Flattened rice, commonly known as poha, (also called beaten rice) is a rice which is flattened into flat light dry flakes. These flakes of rice swell when added to liquid, whether hot or cold, as they absorb water, milk or any other liquids. The thicknesses of these flakes vary between almost translucently thin (the more expensive varieties) to nearly four times thicker than a normal rice grain.
This easily digestible form of raw rice is very popular across India, Nepal and Bangladesh, and is normally used to prepare snacks or light and easy fast food in a variety of Indian cuisine styles, some even for long-term consumption of a week or more. It is known by a variety of names: Pauaa/Paunva () in Gujarati, "Poya" in Rajasthani, Chuda in Odia(), Atukulu in Telugu (), Aval in Tamil() and Malayalam(, ), Chiura in parts of Bihar and Jharkhand, Chira in Bengali () and Assamese, Chiura () in Maithili, Nepali, Bhojpuri and Chhattisgarhi, Poha or Pauwa in Hindi, Baji in Newari, Pohe in Marathi, Phovu in Konkani, Avalakki () in Kannada,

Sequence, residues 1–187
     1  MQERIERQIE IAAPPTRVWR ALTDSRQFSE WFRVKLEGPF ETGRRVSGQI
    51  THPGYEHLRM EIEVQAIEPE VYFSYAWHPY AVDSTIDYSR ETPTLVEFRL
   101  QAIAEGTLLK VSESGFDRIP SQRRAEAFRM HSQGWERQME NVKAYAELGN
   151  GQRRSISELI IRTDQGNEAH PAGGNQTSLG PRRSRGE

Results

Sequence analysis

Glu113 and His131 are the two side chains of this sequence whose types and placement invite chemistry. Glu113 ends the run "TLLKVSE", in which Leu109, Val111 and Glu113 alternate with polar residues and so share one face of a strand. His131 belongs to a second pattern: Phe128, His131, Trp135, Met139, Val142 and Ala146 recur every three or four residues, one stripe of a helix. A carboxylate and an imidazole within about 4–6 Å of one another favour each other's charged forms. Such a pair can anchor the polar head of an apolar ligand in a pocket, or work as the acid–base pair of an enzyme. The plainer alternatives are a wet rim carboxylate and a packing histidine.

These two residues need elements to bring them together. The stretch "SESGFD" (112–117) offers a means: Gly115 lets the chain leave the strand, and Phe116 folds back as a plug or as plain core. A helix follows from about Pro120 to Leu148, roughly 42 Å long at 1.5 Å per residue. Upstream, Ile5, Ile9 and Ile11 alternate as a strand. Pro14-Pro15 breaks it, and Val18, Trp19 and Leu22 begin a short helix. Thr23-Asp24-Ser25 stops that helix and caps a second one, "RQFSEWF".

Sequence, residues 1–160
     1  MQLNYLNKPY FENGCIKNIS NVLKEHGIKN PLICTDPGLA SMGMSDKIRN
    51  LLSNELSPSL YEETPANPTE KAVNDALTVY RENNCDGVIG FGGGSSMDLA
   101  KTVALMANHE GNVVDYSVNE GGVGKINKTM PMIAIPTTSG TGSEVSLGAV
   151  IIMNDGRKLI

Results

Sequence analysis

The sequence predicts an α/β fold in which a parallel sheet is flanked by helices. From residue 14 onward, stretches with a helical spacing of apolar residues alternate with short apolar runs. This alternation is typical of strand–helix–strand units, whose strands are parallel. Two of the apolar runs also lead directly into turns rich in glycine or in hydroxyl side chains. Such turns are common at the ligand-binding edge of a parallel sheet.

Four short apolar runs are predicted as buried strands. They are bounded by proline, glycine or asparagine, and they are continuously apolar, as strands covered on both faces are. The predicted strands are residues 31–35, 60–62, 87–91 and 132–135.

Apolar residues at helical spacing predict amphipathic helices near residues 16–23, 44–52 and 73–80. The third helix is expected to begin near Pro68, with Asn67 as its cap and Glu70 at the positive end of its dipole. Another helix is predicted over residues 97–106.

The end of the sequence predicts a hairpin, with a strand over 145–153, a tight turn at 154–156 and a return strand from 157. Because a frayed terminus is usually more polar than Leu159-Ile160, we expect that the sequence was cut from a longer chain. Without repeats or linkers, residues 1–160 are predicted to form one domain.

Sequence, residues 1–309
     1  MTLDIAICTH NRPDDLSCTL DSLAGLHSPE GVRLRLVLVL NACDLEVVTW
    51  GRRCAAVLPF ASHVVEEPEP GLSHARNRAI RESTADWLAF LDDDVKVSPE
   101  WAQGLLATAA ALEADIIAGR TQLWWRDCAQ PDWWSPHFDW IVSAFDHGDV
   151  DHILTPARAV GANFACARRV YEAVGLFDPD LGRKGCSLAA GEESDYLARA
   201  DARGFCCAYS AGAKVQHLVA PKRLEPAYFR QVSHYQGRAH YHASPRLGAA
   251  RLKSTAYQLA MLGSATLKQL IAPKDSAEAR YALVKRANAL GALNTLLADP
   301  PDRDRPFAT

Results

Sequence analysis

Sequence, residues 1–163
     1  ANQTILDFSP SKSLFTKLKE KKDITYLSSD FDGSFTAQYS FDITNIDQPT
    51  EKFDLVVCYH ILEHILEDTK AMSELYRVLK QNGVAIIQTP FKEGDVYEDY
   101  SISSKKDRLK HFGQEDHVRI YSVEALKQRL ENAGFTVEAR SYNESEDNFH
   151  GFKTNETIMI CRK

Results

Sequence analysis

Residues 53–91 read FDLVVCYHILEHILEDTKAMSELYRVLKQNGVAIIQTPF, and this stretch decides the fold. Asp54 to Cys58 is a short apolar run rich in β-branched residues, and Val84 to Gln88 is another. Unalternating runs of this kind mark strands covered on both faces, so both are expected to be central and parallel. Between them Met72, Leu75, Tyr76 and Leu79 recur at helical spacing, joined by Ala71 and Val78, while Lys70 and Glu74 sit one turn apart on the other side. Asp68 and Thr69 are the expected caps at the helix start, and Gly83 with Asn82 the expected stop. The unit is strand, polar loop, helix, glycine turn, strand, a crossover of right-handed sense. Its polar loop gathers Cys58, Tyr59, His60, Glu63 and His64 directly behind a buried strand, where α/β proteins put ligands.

Poha can be eaten raw by immersing it in plain water or milk, with salt and sugar to taste, or lightly fried in oil with nuts, raisins, cardamoms, and other spices. The lightly fried variety is a standard breakfast in Malwa region (surrounding Ujjain and Indore) of Madhya Pradesh. It can be reconstituted with hot water to make a porridge or paste, depending on the proportion of water added. In villages, particularly in Chhattisgarh, flattened rice is also eaten raw by mixing with jaggery.
In Maharashtra, pohe is cooked with lightly fried mustard seeds, turmeric, green chilli, finely chopped onions and then moistened pohe is added to the spicy mix and steamed for a few minutes.
Flattened rice can be viewed as a convenience food and is very similar to bread in usage.